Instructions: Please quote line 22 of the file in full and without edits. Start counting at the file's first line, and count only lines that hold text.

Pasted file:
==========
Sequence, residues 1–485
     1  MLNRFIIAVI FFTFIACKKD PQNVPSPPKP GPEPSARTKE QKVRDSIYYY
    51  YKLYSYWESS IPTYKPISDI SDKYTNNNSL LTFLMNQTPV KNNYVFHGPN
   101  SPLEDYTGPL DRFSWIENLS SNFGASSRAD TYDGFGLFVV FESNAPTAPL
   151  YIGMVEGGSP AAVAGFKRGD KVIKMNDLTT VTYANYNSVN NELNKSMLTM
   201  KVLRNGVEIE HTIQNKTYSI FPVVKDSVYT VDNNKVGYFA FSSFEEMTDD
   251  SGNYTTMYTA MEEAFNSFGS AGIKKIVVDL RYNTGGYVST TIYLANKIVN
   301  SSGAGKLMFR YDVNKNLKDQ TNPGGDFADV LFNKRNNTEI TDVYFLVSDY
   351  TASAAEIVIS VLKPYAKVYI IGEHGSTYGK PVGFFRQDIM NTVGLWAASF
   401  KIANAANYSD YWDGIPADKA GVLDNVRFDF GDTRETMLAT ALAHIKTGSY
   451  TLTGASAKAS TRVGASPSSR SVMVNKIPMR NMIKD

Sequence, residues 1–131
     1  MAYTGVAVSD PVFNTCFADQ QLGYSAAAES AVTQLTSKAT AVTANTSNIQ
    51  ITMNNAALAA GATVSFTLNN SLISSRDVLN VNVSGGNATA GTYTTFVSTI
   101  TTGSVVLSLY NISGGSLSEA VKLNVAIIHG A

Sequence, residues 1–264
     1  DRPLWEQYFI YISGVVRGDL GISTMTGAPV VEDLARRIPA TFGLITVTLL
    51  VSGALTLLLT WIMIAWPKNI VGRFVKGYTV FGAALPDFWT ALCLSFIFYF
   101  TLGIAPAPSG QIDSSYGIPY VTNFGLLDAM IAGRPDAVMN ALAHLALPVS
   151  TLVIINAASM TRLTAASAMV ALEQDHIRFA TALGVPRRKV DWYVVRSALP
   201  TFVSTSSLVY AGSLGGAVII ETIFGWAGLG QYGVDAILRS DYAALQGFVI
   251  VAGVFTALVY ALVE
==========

   251  VAGVFTALVY ALVE